MBO ensures that employees receive clear communication regarding their roles and responsibilities, and they comprehend the role they play in the overall health of the organization. It not only helps them get clear on what’s expected of them but also gives them a sense of purpose as they simply take ownership of how they impact other organization and help meet its mission.
Businesses that operate in silos where from one department to another, people don’t know what anyone else is working on, have less chance of succeeding. Employees can easily become disheartened when they can’t see the larger picture. Management by objectives aims to break down these walls for great transparency across organizations.
Management by Objectives Advantages and Disadvantages
Just like any management style, there are pros and cons to management by objectives. Let’s take a closer look:
Advantages of Management by Objectives
- Employees can understand and appreciate their individual impact on the company all together.
- Expectations are clearly communicated and based on Key Result Areas (KRAs) tailored to each employee.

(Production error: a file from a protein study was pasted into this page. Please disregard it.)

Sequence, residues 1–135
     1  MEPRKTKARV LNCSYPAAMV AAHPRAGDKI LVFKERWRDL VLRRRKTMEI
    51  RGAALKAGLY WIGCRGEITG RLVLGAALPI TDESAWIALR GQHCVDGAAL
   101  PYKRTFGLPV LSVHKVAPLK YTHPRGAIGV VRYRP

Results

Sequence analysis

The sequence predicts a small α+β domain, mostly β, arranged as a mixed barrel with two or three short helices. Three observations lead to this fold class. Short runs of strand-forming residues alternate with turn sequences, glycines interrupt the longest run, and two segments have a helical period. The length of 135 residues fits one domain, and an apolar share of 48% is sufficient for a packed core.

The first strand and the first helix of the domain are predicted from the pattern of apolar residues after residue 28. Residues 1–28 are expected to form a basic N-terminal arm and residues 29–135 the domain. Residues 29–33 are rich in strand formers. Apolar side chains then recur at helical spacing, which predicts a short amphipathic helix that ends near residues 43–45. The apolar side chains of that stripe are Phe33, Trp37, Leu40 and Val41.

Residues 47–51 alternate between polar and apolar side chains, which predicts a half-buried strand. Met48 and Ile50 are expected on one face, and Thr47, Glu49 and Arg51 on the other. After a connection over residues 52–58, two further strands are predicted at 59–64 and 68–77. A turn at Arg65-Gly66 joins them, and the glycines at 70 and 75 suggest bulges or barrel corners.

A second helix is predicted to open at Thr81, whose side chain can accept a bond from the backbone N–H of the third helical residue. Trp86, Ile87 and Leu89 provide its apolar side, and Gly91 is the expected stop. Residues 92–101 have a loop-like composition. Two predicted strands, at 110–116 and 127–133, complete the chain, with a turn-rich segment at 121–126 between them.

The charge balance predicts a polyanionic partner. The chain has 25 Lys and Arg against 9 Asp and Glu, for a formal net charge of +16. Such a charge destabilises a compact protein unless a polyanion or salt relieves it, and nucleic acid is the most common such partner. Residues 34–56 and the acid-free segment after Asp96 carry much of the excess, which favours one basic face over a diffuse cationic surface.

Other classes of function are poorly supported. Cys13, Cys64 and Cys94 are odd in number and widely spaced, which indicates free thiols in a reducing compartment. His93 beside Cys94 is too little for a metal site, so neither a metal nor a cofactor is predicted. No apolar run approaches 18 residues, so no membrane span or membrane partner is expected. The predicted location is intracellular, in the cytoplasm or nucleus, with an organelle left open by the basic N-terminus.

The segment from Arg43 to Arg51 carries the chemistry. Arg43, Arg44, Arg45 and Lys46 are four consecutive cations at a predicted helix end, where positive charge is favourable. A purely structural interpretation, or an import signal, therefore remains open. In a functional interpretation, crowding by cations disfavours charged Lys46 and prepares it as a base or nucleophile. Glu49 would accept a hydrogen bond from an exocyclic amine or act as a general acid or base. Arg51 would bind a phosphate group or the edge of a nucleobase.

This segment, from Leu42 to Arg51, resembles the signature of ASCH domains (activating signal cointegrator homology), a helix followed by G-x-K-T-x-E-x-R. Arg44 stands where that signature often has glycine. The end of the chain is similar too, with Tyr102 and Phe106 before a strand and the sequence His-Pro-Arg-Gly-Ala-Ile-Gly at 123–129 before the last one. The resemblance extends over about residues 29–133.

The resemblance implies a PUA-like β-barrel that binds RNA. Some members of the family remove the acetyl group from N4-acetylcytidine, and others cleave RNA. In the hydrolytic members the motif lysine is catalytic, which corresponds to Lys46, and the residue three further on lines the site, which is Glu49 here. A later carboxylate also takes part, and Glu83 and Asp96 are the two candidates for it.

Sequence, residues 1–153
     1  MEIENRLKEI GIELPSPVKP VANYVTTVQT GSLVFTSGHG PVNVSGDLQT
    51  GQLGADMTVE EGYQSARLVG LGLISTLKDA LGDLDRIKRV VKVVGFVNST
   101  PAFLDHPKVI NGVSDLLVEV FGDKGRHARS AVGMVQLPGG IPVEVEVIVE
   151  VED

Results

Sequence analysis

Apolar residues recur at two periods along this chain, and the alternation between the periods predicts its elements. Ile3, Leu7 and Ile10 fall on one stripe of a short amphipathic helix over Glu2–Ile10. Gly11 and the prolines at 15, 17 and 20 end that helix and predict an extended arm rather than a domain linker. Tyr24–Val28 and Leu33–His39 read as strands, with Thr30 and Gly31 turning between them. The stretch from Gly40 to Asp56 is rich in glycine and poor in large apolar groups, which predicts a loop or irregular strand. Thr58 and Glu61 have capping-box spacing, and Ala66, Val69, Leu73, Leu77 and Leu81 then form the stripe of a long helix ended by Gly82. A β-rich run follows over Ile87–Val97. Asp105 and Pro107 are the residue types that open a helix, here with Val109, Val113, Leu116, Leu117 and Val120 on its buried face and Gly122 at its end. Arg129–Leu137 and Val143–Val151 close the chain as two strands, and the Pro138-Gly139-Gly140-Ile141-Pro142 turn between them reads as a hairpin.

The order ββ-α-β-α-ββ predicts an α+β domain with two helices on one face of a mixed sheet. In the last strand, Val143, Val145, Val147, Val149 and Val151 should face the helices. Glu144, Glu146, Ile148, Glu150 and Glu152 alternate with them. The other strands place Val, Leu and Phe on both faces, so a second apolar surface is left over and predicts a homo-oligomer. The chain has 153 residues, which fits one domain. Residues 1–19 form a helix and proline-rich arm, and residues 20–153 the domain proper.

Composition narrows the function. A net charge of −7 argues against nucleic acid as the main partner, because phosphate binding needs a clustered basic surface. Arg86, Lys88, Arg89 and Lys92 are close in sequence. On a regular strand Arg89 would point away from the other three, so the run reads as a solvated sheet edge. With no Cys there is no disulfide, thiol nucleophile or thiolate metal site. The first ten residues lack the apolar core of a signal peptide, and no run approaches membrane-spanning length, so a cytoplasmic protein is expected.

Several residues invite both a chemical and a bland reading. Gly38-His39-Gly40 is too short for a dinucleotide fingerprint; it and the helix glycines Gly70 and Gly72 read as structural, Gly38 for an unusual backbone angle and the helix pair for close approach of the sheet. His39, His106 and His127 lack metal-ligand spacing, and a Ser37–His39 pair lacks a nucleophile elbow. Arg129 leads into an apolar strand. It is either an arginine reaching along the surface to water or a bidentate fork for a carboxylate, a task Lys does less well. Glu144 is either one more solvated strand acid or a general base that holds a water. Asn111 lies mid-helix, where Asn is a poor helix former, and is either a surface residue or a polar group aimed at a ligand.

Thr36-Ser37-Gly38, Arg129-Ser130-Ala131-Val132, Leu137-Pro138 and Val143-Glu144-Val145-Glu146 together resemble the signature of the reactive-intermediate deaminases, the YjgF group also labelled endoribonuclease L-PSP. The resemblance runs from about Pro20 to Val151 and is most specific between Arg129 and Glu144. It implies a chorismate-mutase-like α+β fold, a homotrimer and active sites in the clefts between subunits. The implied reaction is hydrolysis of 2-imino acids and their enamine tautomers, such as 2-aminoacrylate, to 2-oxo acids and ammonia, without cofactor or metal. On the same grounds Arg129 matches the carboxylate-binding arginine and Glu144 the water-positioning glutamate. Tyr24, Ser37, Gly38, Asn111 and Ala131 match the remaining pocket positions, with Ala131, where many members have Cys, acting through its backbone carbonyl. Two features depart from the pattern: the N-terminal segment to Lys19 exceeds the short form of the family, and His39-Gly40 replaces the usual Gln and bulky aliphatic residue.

- Employees understand what success looks like and what they have to accomplish to reach it.
- Teamwork improves and finger-pointing decreases. Employees know their responsibilities and tasks are less likely to fall through the cracks.
- Employees feel important and indispensable to the organization as they each perform a unique task.
The Disadvantages of Management by Objectives
- It’s possible for managers to rely too much on MBO and a management style. While it can revolutionize your organization, it has its limitations and is not always appropriate.
- With goals and objectives overemphasized, non-measurable aspects of the job environment (like teamwork, positive customer interactions, etc . ) could become less practiced and valued.